LOCATION: Satpuda forests of Madihya Pradesh and Maharashtra, India
GOAL: To aid the recovery of tiger populations and reduce conflict with local communities
ACTIONS: Field research and monitoring, lobbying, human-tiger conflict mitigation measures and environmental education
With less than 4,000 wild tigers left in the wild, the future for this iconic species in its natural habitat is precarious. Tiger range throughout India, Indochina, and south east Asia is now 40% smaller than it was in 1951, and today tigers occupy a mere 7% of their historical territory. And the threats are mounting.
On the Indian subcontinent, where the largest tiger population persists, only 11% of their original habitat remains in an increasingly fragmented and often degraded state. Tigers are a conservation dependent species, requiring large contiguous forests with access to prey and water and undisturbed core areas in which to breed.
The Satpuda forests of Madhya Pradesh and Maharashtra offer perhaps the best hope for India's remaining 2,229 wild tigers (2014 estimate). Constituting several tiger reserves connected by forest corridors, this is the largest viable block of tiger habitat in India. The Satpuda Landscape Tiger Partnership (SLTP), developed by Born Free and the Wildlife Conservation Research Unit at the University of Oxford, brings together a network of Indian conservationists working in seven tiger reserves across this very important tiger range – Bori-Satpuda, Kanha, Melghat, Pench MP, Pench Maharashtra, Navegaon-Nagzira and Tadoba-Andhari and habitat corridors linking them.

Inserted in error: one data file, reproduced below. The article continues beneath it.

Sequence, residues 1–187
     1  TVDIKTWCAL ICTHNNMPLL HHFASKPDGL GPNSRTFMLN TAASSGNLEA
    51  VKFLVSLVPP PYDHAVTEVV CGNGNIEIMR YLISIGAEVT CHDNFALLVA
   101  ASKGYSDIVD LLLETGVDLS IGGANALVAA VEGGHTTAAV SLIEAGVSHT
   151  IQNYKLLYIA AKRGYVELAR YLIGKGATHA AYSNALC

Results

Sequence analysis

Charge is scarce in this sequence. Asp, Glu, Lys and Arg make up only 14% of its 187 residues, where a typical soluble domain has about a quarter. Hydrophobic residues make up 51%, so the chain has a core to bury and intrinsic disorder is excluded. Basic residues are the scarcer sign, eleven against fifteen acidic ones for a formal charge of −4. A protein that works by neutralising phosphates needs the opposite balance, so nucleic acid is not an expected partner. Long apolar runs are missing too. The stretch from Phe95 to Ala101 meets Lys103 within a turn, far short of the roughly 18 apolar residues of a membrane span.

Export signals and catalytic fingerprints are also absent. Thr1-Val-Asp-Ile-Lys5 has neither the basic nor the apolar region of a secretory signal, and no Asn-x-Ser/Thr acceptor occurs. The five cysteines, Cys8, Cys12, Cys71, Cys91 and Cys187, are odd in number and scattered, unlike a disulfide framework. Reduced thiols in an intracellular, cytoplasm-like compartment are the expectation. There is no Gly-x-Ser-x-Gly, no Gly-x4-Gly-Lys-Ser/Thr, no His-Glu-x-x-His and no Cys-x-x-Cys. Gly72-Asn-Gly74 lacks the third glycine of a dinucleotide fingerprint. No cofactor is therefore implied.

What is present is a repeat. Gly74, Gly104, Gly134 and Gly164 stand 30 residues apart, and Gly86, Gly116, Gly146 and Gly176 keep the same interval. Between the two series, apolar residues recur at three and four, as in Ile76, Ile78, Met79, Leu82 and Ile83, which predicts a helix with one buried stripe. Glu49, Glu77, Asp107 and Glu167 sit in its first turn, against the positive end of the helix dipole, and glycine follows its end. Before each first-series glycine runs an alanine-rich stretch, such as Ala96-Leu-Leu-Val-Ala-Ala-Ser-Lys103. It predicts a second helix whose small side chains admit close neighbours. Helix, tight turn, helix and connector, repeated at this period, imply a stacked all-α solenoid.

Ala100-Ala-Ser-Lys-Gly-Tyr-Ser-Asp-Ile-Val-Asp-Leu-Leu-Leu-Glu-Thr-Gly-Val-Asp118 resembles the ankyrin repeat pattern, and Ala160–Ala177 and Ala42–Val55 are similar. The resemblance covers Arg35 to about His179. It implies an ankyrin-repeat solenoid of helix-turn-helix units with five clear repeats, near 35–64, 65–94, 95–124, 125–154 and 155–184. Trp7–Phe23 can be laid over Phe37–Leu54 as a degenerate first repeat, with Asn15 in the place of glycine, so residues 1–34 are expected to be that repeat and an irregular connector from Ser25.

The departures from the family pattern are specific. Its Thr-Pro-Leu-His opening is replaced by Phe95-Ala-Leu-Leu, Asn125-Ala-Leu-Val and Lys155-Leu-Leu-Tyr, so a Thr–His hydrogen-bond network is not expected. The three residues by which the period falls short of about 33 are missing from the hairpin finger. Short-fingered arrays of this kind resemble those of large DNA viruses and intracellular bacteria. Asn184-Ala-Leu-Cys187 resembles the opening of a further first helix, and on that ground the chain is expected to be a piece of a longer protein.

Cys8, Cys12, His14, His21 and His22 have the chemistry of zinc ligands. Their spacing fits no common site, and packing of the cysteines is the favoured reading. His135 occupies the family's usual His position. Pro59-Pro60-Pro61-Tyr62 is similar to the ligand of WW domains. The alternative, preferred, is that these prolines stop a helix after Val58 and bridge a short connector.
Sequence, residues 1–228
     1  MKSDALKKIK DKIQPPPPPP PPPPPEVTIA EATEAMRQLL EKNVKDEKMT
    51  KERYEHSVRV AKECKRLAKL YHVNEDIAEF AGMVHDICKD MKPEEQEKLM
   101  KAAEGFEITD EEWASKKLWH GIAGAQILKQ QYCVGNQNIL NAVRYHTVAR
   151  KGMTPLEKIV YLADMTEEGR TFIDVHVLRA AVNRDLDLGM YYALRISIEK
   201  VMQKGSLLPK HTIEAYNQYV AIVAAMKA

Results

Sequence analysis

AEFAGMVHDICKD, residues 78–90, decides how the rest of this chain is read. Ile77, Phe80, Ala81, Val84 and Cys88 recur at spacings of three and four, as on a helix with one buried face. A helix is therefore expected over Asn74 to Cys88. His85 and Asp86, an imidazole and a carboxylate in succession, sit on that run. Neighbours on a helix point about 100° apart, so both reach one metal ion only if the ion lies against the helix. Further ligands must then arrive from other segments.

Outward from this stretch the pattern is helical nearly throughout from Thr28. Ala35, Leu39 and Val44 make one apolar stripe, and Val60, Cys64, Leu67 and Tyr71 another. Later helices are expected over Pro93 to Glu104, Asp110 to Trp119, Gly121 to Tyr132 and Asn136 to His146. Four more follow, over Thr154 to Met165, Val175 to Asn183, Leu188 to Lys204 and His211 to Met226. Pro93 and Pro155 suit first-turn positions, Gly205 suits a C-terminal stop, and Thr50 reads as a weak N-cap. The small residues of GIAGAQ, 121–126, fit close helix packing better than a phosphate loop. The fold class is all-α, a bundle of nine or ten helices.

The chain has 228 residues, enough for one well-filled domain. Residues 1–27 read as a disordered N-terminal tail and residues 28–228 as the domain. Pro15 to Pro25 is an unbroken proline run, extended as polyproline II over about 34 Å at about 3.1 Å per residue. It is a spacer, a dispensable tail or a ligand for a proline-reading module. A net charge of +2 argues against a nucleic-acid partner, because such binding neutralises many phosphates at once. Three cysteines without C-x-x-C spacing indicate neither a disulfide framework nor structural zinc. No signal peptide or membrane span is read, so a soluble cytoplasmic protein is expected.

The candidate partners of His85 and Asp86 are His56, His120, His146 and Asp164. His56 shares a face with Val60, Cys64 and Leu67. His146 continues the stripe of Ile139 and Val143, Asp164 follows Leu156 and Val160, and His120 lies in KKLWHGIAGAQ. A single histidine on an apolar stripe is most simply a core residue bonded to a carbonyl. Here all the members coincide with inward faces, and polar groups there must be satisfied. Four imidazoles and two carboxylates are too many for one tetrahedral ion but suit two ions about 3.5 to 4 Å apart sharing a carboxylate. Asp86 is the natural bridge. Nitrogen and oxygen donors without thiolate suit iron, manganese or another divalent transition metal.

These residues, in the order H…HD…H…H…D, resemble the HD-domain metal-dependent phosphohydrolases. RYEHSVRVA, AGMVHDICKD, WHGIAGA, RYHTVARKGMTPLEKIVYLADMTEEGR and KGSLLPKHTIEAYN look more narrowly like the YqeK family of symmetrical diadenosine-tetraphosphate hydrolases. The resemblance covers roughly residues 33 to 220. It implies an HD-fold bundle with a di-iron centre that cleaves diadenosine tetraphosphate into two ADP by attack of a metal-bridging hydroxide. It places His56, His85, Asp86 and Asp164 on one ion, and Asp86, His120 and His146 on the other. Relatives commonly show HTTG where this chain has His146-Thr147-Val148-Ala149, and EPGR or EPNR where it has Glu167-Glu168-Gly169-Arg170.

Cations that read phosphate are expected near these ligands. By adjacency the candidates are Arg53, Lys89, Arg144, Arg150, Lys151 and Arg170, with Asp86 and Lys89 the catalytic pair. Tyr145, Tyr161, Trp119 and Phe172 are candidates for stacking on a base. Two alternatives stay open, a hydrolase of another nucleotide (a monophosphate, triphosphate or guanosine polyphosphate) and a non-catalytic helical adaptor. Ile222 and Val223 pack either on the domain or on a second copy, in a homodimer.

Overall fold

Through conservation bursaries funded by Born Free,these dedicated NGOs and individuals are implementing a variety of conservation activities to protect tiger habitats, mitigate tiger-human conflict, tackle wildlife crime, monitor tiger populations, raise awareness and improve the livelihoods of people living next to tigers.